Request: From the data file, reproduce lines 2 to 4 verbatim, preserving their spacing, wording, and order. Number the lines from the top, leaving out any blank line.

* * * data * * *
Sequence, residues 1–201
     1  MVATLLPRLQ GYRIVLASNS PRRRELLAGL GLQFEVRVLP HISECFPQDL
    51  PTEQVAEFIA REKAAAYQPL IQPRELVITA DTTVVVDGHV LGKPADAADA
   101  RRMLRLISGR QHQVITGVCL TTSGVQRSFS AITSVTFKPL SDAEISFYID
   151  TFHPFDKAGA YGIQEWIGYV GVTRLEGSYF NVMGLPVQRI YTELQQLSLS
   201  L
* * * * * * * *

     1  MVATLLPRLQ GYRIVLASNS PRRRELLAGL GLQFEVRVLP HISECFPQDL
    51  PTEQVAEFIA REKAAAYQPL IQPRELVITA DTTVVVDGHV LGKPADAADA
   101  RRMLRLISGR QHQVITGVCL TTSGVQRSFS AITSVTFKPL SDAEISFYID